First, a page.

Navigating the road to Vision Zero
Descendants of this generation will look through time and view traditional driving as archaic. Similar to the transition from horse and carriages to cars in the 20th Century, the evolution from human-steered vehicles to autonomous cars will be equally disruptive—requiring a holistic ecosystem to drive development and causing a monumental, structural transformation of a large percentage of the global economy. While the automotive industry would like to make a driverless reality come to fruition sooner rather than later, safety remains a major hurdle for the autonomous transportation ecosystem to clear before self-driving cars are predominant on our roads.
Globally, nearly 1.25 million people die in road crashes each year, totaling more than 3000 deaths a day. To make present-day vehicles and the self-driving cars of tomorrow even safer, the autonomous transportation ecosystem, including automotive manufacturers, technology companies, AI (artificial intelligence) providers, policy makers, and academia, must create a solution equal in scale to the challenge. Vision Zero, the goal of no loss of life caused by vehicles, must be the aim if autonomous deployment hopes to reach its full potential.
The role of ADAS and full autonomy
Next-generation sensors gather information from around the vehicle to create an accurate “picture” of the surrounding environment and inform sensor-fusion algorithms and navigation decision making. AI systems and software intelligently combining data from several sensors is key to achieving Vision Zero. Yet it’s important to realize there are barriers along the way. The introduction of new high- performance, cost-effective technologies are needed for mass-market automotive adoption. These include sensors that meet both performance and practicality requirements. Promising technological advancements in light detection and ranging (LiDAR) and radio detection and ranging (radar) have been made, yet these technologies are not a standard fitment in cars today due to cost, reliability, and performance issues. The degree of practicality versus the degree of performance will define when and how autonomy is adopted in the pursuit of Vision Zero.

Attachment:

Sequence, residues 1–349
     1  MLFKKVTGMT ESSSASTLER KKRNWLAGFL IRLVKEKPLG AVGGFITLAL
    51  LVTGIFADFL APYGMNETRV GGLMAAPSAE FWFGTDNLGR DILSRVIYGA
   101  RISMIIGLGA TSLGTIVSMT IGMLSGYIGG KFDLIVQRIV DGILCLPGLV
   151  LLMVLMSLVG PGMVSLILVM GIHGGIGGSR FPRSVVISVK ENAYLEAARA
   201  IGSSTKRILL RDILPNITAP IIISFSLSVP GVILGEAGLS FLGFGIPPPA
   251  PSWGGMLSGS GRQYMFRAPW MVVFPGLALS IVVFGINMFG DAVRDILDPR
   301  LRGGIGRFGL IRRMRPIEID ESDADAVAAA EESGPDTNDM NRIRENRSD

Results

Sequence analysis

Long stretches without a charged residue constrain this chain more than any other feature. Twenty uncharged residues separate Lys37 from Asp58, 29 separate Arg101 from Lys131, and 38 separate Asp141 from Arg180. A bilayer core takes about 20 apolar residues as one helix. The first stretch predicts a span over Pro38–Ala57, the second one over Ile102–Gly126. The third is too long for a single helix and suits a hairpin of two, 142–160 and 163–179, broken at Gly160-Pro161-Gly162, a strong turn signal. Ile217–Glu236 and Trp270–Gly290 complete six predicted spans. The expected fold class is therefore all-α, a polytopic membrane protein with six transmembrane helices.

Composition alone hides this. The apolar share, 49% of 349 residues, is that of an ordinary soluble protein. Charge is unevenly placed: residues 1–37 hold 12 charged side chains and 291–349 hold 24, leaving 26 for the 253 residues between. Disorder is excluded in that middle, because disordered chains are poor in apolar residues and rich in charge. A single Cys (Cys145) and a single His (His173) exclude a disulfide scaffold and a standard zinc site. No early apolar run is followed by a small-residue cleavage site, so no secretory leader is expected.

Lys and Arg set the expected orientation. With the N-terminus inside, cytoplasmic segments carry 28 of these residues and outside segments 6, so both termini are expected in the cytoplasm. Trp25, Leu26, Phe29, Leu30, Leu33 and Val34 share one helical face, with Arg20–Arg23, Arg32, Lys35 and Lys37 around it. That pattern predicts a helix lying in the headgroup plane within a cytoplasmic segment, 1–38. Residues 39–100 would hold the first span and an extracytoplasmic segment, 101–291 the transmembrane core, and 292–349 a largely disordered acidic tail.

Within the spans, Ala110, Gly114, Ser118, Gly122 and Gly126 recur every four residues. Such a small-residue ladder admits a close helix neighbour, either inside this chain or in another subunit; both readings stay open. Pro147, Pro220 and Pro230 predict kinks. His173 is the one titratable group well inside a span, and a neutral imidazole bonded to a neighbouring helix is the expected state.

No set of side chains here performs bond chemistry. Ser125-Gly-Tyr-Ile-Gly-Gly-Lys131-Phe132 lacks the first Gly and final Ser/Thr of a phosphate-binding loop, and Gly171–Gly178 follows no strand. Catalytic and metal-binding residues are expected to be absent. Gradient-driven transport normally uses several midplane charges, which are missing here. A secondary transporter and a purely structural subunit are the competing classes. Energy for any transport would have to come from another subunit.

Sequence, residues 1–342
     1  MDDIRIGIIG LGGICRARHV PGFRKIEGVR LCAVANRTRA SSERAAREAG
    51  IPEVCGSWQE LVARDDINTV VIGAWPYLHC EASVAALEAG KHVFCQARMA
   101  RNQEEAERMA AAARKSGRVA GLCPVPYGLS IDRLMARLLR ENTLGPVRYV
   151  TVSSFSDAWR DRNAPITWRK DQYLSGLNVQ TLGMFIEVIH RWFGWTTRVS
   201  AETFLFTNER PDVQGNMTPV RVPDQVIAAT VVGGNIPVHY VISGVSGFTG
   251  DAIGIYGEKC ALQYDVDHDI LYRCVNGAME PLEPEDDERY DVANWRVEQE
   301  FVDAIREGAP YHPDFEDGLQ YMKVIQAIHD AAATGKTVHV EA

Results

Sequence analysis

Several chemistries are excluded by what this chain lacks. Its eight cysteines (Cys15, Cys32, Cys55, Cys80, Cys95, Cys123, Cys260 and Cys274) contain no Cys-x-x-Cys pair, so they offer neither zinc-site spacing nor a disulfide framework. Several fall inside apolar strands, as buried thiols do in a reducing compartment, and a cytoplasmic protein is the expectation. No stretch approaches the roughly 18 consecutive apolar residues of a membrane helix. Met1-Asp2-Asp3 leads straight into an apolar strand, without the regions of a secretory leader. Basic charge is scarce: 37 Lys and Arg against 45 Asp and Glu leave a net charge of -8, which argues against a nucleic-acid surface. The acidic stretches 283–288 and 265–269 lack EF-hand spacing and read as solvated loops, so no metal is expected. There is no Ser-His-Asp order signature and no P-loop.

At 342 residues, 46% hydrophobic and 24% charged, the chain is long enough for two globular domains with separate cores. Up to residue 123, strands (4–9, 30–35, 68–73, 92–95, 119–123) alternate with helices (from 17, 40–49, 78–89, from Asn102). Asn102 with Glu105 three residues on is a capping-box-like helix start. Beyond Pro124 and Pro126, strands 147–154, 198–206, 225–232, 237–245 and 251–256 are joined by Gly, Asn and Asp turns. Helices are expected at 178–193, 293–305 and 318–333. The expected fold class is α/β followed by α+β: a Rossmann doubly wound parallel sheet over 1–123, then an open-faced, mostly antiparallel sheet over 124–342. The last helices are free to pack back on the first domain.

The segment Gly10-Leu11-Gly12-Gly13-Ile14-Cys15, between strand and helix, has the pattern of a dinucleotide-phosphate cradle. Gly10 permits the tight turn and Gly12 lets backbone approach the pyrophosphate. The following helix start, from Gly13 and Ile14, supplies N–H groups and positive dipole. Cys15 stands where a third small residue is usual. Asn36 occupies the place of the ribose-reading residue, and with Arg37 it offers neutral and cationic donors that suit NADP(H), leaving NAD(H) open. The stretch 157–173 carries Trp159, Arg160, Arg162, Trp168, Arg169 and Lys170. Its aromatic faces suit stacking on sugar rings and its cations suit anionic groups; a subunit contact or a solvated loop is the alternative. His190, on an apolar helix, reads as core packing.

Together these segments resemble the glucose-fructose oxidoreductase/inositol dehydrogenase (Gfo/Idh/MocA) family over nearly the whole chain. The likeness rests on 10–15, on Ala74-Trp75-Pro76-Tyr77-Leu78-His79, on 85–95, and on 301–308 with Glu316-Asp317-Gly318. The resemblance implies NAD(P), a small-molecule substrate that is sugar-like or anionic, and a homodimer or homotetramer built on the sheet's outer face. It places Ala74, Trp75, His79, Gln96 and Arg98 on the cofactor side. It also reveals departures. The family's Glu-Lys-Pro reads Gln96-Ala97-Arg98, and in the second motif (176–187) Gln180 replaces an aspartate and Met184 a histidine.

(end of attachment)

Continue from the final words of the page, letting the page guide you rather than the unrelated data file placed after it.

Technology providers, Tier 1 suppliers, OEMs, and other leaders in automotive autonomy are embracing new business models and making big bets to accelerate the maturation of key autonomous driving technologies. In the pursuit of achieving Vision Zero, the engineering community has been working along two specific development tracks—advanced driver assistance systems (ADAS), which includes Level 1, Level 2, and Level 3 automated driving systems, and fully autonomous vehicles, which includes Level 4 and Level 5 automated driving systems. Though these are two, somewhat parallel, paths to reaching Vision Zero, one point of emphasis remains the same—to advance autonomy, without compromising safety, the focus must be placed on high-performance, highly reliable sensor technology.
Both Level 1 and 2 autonomy primarily reflect a warning system to alert drivers to potential hazards. These systems are inherently error prone and are often switched off due to a high false-alarm rate. Ultrasonic and camera technologies are the primary sensing modalities used in these applications. In recent times, ADAS innovation has primarily focused on strengthening overall perception systems, with particular focus on radar and LiDAR technologies. These additional sensors are required to transition to Level 3 automation, when the vehicle acts in addition to warning the driver. One such application is automatic emergency braking (AEB), which will become a standard option on new vehicles in the early 2020s. Even though ADAS still lacks perfection, these first few generations of systems are whetting the appetite of the public around better performing driver-assistance technologies.
While focusing on Level 2 and Level 3 autonomy, OEMs view the path to full autonomy as a continuum—with ADAS technology feeding autonomy and vice versa. OEMs have created separate companies to develop Level 4 and Level 5 automation, and those with fleets of Level 4 and Level 5 vehicles use these platforms to mature sensor hardware and fusion algorithms—developments that can then be brought back into Level 3 applications as those systems mature.
There are also OEMs that do not have research and development dollars to follow the pursuit of full autonomy, partnering with other companies that specialize in autonomous driving technologies. Due to this segmentation, the understanding of the vehicular environment and the necessary technologies for full autonomy are continuously improved. Still, there remains much more work to be done to improve the performance of specific sensing technologies (radar, LiDAR, and inertial navigation included) and various algorithms that actuate vehicles in specific cases.
Sensing technologies are crucial for attaining higher level vehicle autonomy